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Six characteristics of true repentance.
How can you know if you have truly repented?
Before answering this question it is important to point out that Scripture speaks of true repentance as a glorious gift of God. In our fallen natural condition, none of us has the power or the desire to repent.
Repentance, therefore, is God-given. Three New Testament texts that support this idea are Acts 5:31; 11:18; and 2 Timothy 2:25.
Although repentance is a divine gift, it is also a human action. Once God grants saving repentance, the soul of the convert distances himself (herself) from sin. Nevertheless, there is such a thing as a false repentance as can be witnessed in the examples of King Saul (1 Samuel 15:24-30) and Judas Iscariot (Matthew 27:3-5).
A selfish sorrow based upon one’s bruised ego rather than the glory of God is not true evangelical repentance.
So what are the signs of biblical repentance? Let look at six characteristics.
Characteristic #1: Pain for sin
A truly repentant heart is sorrowful about his (her) sin (2 Corinthians 7:10). It is not so much a sorrow over the consequences of sin but over sin itself. A child of God hates sin with a holy hatred because it is an enemy of the heavenly Father.
When a regenerate soul falls into sin, much soul-turmoil ensues. There is a deep pain and sorrow over the sin committed.
Characteristic #2: Shame over sin
Not only is there a deep pain for sin but all converts feel great shame when they disobey the Lord (Ezra 9:6; Jeremiah 31:19). At times the shame may be so great that it leads to self-loathing as in the case of the prophet Job (Job 42:6).
Unbelievers, however, refuse to take sin seriously as they have no notion of staining God’s precious glory. Shame over sin is a true mark of a child of God.
Characteristic #3: Confession
Truly repentant folk are willing to own up and confess their faults without laying the blame at another’s feet. Adam blamed Eve. Eve blamed the snake. Nowadays millions do exactly the same.
Even within the sphere of the church, I have heard people literally blaming the devil for their sin. “The devil deceived me!” they say or, “The devil made me do it!”
God has given every Christian the Word of God, the Spirit of God and the precious gift of faith to overcome the works and wiles of Satan. Our weapons are more than sufficient to meet the advances of the enemy.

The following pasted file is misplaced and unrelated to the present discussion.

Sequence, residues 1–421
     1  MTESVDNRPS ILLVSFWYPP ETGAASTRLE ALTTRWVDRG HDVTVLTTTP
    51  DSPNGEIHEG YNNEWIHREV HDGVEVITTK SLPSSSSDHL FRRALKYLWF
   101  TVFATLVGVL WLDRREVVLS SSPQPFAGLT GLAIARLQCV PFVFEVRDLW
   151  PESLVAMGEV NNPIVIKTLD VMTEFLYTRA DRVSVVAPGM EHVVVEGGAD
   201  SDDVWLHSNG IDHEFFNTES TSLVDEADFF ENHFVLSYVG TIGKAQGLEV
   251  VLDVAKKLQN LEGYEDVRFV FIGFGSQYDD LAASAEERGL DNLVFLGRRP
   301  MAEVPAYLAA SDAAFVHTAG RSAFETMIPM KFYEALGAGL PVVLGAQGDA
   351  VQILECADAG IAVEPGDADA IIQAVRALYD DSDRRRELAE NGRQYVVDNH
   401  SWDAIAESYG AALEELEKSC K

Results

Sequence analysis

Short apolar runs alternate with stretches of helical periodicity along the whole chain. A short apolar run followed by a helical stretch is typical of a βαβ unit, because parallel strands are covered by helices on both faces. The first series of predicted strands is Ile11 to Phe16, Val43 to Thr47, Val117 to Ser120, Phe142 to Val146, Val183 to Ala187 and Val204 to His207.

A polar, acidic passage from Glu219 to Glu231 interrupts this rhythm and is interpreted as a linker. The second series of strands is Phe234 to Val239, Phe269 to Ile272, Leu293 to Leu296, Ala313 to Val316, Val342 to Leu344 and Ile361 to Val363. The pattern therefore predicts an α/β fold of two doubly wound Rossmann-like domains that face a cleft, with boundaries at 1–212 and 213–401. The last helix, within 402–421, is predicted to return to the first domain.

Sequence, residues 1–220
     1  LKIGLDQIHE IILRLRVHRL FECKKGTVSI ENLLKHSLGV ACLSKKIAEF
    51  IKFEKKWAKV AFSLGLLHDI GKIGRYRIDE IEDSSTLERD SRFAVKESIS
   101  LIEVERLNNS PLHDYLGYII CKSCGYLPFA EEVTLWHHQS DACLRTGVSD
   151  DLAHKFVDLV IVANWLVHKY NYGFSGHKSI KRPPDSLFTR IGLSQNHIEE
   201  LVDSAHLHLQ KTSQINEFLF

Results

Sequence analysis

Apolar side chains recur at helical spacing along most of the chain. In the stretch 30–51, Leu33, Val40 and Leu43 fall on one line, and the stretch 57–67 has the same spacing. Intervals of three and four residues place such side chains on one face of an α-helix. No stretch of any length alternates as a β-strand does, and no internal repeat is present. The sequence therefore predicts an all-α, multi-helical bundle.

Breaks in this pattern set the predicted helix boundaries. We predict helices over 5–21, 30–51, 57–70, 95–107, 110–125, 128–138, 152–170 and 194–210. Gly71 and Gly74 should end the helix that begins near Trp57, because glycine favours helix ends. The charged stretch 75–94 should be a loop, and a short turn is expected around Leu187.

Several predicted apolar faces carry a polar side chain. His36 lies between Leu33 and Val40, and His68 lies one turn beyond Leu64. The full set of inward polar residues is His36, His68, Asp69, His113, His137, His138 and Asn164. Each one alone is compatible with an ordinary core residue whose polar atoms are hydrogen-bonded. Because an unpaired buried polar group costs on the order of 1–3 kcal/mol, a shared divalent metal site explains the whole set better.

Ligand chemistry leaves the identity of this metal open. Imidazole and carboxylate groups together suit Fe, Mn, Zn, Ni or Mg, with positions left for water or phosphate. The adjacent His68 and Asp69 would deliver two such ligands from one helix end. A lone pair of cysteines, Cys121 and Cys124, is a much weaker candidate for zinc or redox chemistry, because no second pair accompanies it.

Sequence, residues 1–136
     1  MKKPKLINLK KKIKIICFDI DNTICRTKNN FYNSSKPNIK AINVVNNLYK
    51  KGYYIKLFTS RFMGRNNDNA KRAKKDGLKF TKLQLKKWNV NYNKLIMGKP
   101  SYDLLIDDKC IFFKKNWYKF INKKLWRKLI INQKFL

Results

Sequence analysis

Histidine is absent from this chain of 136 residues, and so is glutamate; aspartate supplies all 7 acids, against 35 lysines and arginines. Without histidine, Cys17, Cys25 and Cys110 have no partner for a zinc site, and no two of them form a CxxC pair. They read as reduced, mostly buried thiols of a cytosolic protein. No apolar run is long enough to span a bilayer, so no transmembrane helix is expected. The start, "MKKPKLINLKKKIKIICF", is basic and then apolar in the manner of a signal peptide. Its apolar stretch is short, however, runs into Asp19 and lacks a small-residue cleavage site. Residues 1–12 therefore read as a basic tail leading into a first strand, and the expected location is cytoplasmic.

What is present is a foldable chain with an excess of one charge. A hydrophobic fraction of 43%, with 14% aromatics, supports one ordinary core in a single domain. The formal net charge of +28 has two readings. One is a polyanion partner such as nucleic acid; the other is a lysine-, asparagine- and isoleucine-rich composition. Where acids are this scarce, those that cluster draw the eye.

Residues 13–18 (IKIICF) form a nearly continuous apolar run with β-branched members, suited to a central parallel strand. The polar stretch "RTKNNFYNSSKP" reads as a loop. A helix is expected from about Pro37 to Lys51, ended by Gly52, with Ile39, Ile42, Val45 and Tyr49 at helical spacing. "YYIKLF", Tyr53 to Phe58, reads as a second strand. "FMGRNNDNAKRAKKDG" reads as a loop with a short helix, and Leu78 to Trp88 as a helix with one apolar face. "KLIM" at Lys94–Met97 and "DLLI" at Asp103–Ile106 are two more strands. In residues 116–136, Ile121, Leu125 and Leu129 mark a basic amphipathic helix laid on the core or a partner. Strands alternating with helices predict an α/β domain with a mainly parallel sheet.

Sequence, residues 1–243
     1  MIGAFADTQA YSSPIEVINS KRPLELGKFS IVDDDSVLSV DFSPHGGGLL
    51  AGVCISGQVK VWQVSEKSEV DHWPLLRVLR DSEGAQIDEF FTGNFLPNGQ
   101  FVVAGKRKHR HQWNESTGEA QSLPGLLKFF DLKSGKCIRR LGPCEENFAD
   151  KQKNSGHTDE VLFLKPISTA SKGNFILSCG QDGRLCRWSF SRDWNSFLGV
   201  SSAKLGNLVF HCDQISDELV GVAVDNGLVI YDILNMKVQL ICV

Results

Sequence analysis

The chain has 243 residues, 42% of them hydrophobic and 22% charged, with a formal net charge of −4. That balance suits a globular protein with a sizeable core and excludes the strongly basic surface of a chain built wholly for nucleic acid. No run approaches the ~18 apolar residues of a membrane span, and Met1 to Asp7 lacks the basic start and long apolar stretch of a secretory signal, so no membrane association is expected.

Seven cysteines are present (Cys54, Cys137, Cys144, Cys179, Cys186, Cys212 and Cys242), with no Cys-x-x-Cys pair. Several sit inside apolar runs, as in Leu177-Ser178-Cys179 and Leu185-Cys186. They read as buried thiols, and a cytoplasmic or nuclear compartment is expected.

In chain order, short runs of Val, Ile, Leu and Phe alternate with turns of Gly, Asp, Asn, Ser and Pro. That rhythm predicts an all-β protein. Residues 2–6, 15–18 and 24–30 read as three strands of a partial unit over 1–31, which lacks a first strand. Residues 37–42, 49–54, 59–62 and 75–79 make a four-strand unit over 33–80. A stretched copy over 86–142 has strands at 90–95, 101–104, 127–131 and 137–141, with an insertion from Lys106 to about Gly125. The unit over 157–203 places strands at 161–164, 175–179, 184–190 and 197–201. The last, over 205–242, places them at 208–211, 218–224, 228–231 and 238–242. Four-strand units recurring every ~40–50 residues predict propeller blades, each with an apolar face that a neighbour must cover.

Rather than blaming Lucifer for our downfalls, we should confess that we are the ones to blame. We messed up. We sinned. We let the Lord down. The problem with always blaming the devil is that little by little our hearts grow hardened as we allow these petty excuses to justify our ungodliness.
As in Psalm 51:3-4, the Spirit-led children of God confess that it is they who sinned; no one else.
Characteristic #4: A Reformed Life
The fourth sign is reformed life. The repentant cease from sin because they detest sin. Scripture calls upon us to bring forth works of repentance (Isaiah 1:16). But the truly converted soul does something more than clean up his (her) life; he (she) also restores the damage done to others.
Look at the example of the tiny tax collector Zacchaeus. Once converted to the Lord he said, “I will give half of my goods to the poor and if I have deceived any man I will give him back four times more” (Luke 19:8).
Jesus replied saying, “Today salvation has come to this house; he is also a son of Abraham” (Luke 19:9). His actions proved that his heart had been revolutionized from within.
Characteristic #5: A New Heart
But true repentance involves something more than a merely reformed life. It is more about the new heart given by the Lord. This is the key difference between the children of God and the children of the flesh.
God’s children weep over their secret sin whereas unbelievers only feel bad about their public sins which may ruin their esteemed reputation. The sheep of the Lord are just as concerned about their inner thoughts and attitudes as they are about their external conduct. True repentance is a heart-matter.
Characteristic #6: Gospel-focused
The sixth mark of evangelical repentance is that it is more motivated by the gracious love of God revealed in the Gospel of Christ than it is about impending condemnation. Children of God understand that it is the goodness of the Lord which leads them to repentance (Romans 2:4).
The hypocrite, however, is only fearful about the judgment that is to come and has no inkling regarding the beauty of God Almighty. The unconverted soul repents outwardly so as not to go to hell; but the born again believer repents because he (she) loves God with all of his (her) heart.
In the light of the six characteristics, we would do well to examine our hearts.
Do you feel pain for your sin?
Do you feel ashamed about it?
Do you confess what you have done the Lord?
Do you restore the damage you have done?
Do you truly wish for sin to be uprooted from your heart?
Do you keep a Gospel-focus in every moment?
If so, your repentance is a precious gift of God. If not, cry out to the Lord for salvation!